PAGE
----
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American Passages: A Literary SurveyUnit IndexAmerican Passages Home
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4. Spirit of Nationalism   



4. Spirit of Nationalism

•  Unit Overview
•  Using the Video
•  Authors
- William Apess
- J. Hector St. John de Crèvecoeur
- Jonathan Edwards
- Ralph Waldo Emerson
- Benjamin Franklin
- Margaret Fuller
- Thomas Jefferson
- Susanna Rowson
- Royall Tyler
- Phillis Wheatley
- Suggested
Author
Pairings
•  Timeline
•  Activities

Authors: Suggested Author Pairings

Jonathan Edwards and Benjamin Franklin
Born just three years apart at the beginning of the eighteenth century, Jonathan Edwards and Benjamin Franklin in some ways seem to inhabit different eras. Certainly Edwards's commitment to the Puritan beliefs of his ancestors and his passion for exploring his own spiritual nature is at odds with Franklin's secularism and practical drive for financial success and community standing. Nonetheless, both relied on and divergently engaged with their Puritan inheritance. For all his secularism, Franklin's commitment to virtue, thrift, and industriousness can be traced to Puritan values, while Edwards's brand of piety--though it is clearly based on strict Puritan models--is inflected with an almost Romantic interest in self-discovery. It might be useful to ask students to compare Edwards's "Personal Narrative" with Franklin's Autobiography. While both men were interested in keeping track of their faults and cultivating their virtues, they take very different approaches to this project.

Thomas Jefferson and J. Hector St. John de Crèvecoeur
Both Jefferson and Crèvecoeur grappled with the difficult question of what it meant to be an American at the end of the eighteenth century. Jefferson wrote a manifesto of American values in the Declaration of Independence, while Crèvecoeur laid out an answer to the broad question "What is an American?" in his Letters from an American Farmer. Crèvecoeur and Jefferson idealized agrarian life as the best expression of American values, though their cosmopolitanism and aristocratic tastes made both of them rather ironic spokesmen for agrarian simplicity. You might ask students to compare Jefferson's attempt to deal with the issue of slavery in his original draft of the Declaration with Crèvecoeur's narrator's problematic account of his meeting with a tortured slave in South Carolina.

Royall Tyler and Susanna Rowson
As writers of plays and novels, both Tyler and Rowson were targeted for participating in what were often considered trivial, immoral, and even dangerous genres. Ask students to think about how these two writers dealt with readers' and viewers' hostility toward their projects. Rowson frequently interrupts her narrative to address readers directly, while Tyler prefaces his play with a direct appeal to his viewers and includes a number of soliloquies in which characters address the audience. Both Tyler and Rowson take on the national obsession with female chastity--though their two Charlottes meet very different fates.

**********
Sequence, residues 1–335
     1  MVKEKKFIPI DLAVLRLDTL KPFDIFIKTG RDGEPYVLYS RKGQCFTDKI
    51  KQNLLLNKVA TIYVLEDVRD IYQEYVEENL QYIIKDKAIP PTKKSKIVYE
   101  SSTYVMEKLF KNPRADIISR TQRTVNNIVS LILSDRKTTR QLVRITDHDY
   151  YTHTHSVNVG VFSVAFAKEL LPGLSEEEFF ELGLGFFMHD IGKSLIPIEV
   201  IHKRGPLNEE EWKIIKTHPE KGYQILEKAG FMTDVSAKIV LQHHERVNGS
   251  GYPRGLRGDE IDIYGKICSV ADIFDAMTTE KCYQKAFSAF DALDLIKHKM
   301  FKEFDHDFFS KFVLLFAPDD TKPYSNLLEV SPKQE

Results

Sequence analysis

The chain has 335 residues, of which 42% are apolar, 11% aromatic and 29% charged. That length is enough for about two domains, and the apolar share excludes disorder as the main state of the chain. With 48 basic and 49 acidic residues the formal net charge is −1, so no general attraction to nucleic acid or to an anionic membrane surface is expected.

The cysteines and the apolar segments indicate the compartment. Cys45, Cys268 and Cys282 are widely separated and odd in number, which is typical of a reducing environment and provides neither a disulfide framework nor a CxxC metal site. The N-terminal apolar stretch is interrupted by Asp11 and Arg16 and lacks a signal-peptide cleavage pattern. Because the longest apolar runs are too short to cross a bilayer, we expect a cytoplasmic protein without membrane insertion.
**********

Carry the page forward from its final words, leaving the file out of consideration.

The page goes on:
Phillis Wheatley and William Apess
As members of minority groups in the young nation, Wheatley and Apess offer poignant challenges to dominant views of who qualifies as an American. Wheatley's patriotic celebrations of American ideals in her poems are underlain with subtle critiques of the injustice of slavery and the difficulties of her own situation as an African American. Apess is much less subtle in his attacks on European American society--his "Indian's Looking-Glass for the White Man" is an openly angry protest against racial prejudice. Both Wheatley and Apess occupied difficult liminal positions in their respective societies. As a highly educated and cultivated woman, Wheatley lived a very different existence from other African American women and spent much of her early life among whites. As an ordained Methodist minister, Apess also found himself pulled between white culture and his own Native American community. Both Wheatley and Apess were profoundly religious and may have found Christianity appealing because of its potential to afford them equal status with European Americans as spiritual brethren in the eyes of God. They both draw attention in their work to the discrepancy between whites' professed beliefs about Christianity and the unfair treatment of racial minorities.

Ralph Waldo Emerson and Margaret Fuller
Emerson and Fuller, good friends and lifelong supporters of one another's work, make an obvious pairing. They were both active in the Transcendentalist movement and frequently met to share ideas, discuss philosophy, and critique each other's work. But despite the fact that they shared important core beliefs about the power and potential of the individual, their writings have very different implications. In her eloquent case for the equality of the sexes, Fuller pushes Emerson's views in directions he never dared to go. Fuller's journalistic background and commitment to forwarding practical reforms also separate her from Emerson's more abstract and philosophical approach to the problems of American society.



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